e-Portfolios in Elementary Science

e-Portfolios in Elementary
Background Information
 Grade 6 French Immersion teacher at
Vanier Elementary School
14 years teaching experience
Junior High Math and Science in French
Taught Grade 2, 3, 5, and 6 in past six years
2nd year in Grade 6
75% teaching duties, 25% administrative duties
Vanier Elementary
 K-6 school in the east end of St. John’s
 315 students and approximately 30 teachers and support
 Inclusion Phase School in the 2014-2015 school year
 Two stream school: one English and one French Immersion
(ICF offered in Grade 6)
La classe de Mme Daly
 25 students : 10 boys, 15 girls
 Wide range of interests, abilities,
learning readiness, and learning
 Very friendly students who get
along well with one another
 Two students have IEPs and receive special services
support in Math and Language Arts
 Most enjoy reading, playing chess, playing sports, and
Beliefs about Teaching and Learning
I believe that…
 …all students can learn and may require a different
path to achieve learning outcomes.
 …students need to be interested and engaged in what
is being taught in order to learn.
 …in order for learning to occur, students need to be
able to connect that learning to their own experiences.
Beliefs about Teaching and Learning
 …teachers need to first make personal
connections with students to
understand who they are and what
excites them so that lessons are
interesting, engaging, and meaningful for all.
 …teachers can foster lifelong learning
in students by providing them with
opportunities in which they must
assume responsibility for their own
Why Teachers in Action?
 Learned about Teacher Inquiry as a method of research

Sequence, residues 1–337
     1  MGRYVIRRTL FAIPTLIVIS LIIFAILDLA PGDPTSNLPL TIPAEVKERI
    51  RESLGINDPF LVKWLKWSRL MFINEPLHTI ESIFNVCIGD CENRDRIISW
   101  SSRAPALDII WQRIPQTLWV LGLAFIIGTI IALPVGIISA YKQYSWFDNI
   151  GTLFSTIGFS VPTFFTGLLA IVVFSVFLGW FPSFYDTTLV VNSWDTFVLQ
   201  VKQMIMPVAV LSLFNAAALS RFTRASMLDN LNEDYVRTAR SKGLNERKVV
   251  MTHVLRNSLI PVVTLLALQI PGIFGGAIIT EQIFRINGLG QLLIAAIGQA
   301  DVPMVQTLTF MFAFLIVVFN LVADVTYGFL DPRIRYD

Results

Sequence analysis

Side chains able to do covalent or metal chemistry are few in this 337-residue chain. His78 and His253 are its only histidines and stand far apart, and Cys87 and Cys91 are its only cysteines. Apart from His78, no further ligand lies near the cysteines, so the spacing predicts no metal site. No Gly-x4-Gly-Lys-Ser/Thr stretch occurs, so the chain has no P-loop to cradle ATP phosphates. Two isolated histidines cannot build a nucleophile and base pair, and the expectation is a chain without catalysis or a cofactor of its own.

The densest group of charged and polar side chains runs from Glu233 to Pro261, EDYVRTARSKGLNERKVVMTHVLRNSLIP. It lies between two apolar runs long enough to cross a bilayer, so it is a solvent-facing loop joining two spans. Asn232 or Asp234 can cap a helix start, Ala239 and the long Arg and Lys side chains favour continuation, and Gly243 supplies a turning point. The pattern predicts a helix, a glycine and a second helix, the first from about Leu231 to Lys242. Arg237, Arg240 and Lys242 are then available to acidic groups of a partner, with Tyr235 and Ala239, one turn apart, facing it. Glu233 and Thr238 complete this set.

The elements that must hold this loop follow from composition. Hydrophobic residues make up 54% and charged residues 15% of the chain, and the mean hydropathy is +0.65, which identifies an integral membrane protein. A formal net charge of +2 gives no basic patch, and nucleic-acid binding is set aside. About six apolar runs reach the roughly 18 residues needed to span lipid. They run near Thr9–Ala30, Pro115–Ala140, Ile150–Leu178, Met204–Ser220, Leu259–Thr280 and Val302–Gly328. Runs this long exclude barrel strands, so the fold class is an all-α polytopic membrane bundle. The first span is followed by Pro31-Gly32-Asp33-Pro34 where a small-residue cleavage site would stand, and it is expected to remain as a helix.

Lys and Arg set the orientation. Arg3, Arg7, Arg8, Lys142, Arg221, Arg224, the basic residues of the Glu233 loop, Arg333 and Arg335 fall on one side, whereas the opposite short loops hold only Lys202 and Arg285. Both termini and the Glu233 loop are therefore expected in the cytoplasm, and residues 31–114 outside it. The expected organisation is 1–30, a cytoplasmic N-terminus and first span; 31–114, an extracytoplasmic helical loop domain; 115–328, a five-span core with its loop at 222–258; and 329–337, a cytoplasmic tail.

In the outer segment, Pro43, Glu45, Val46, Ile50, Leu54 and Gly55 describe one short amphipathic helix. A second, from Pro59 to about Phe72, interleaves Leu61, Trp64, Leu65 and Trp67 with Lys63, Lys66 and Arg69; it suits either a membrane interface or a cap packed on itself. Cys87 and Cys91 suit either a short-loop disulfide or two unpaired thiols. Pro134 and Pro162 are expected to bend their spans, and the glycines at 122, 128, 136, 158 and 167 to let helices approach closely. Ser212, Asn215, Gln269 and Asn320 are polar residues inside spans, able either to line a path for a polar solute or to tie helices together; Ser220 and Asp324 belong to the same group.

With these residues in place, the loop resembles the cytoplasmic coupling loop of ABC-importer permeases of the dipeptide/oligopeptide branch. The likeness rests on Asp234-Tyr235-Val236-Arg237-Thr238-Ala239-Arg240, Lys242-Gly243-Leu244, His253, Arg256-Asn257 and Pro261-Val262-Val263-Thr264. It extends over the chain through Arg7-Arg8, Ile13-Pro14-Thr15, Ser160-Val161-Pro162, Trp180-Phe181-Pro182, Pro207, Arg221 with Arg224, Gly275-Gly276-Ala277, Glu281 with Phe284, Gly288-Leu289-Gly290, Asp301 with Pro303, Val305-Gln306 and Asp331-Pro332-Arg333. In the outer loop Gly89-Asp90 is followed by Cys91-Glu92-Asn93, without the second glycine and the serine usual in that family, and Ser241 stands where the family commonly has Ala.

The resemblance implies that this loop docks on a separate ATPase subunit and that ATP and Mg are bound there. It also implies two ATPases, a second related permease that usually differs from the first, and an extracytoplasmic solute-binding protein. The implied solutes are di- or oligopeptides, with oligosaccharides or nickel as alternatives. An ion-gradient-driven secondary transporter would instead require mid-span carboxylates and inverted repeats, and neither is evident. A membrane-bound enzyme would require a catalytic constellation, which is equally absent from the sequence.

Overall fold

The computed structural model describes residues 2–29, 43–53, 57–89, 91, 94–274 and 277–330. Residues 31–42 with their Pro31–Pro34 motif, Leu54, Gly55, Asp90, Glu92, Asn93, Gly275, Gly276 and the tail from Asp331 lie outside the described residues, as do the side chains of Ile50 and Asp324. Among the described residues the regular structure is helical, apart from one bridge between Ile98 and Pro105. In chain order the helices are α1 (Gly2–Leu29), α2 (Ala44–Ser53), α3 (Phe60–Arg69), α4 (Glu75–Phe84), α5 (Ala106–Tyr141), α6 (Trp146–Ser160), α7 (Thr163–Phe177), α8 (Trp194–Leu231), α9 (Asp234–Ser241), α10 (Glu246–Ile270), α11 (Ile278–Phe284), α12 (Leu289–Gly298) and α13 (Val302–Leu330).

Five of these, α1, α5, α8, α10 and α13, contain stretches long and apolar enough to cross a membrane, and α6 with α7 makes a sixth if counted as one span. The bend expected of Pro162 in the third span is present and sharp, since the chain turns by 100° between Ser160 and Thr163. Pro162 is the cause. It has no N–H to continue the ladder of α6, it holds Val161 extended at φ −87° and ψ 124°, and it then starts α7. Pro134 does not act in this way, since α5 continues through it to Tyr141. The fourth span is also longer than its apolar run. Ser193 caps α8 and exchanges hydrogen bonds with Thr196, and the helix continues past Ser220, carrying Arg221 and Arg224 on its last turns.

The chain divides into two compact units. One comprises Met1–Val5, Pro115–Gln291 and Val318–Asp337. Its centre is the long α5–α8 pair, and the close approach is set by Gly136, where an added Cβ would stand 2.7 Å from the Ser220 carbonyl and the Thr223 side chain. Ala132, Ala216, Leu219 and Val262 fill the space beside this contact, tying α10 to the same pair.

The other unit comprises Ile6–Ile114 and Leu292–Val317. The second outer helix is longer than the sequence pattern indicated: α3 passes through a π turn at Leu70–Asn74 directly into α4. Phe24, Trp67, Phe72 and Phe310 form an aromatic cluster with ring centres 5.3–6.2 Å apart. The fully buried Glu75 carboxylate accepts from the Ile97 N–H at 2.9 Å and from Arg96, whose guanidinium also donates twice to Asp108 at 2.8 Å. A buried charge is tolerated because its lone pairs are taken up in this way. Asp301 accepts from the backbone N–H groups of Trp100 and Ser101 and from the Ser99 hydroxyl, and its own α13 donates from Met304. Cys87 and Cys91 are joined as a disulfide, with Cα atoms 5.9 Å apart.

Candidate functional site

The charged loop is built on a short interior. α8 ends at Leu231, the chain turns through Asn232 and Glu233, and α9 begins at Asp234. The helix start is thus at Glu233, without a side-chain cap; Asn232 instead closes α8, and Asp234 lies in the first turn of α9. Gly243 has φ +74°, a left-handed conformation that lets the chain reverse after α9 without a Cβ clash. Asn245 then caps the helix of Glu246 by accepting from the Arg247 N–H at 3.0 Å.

while completing my Masters program.
 See teacher inquiry as valuable professional development
since it is specific to my professional growth needs towards
meeting my students’ learning needs.
 Always wanted to try teacher inquiry and this provided the
perfect opportunity to fuse this desire with my interest in
incorporating e-portfolios in my classroom.
Why e-Portfolios?
 In line with 21st Century
Learning Principles
Critical Thinking
 They offer an alternative way for:
Students to produce and showcase their learning in an authentic way
Teachers to provide feedback to students
Students to share work with their peers
Students to provide feedback to their peers
Teachers to assess student work
Why e-Portfolios?
 They allow students to assume more responsibility for
their own learning by helping them understand their
strengths and needs in order to set learning goals.
 They provide a history of student growth over time
 They provide an opportunity for students to reflect on
and edit their work.
Abrami, Wade, Pillay, Aslan, Bures, & Bentley, 2008
Focus Area
Through the Science unit on Electricity, I wanted to focus on
2 things:
1) Determine how students respond
to feedback through use of
2) Foster assessment as learning
so that students become more
responsible learners through the
use of e-portfolios
Focus Area
After doing some preliminary reading in preparation for
my project I decided to add a 3rd focus:
3) Determine the effectiveness of using student inquiry
to teach Science
Research Questions
1) How do students respond to the feedback
given by the teachers through the medium of
 What kind of feedback am I providing
 Is it effective in fostering more responsible
learners who set goals for themselves
toward improvement?
Research Questions
2) How effective are e-portfolios in fostering
assessment as learning in fostering
responsible and self-regulated learners?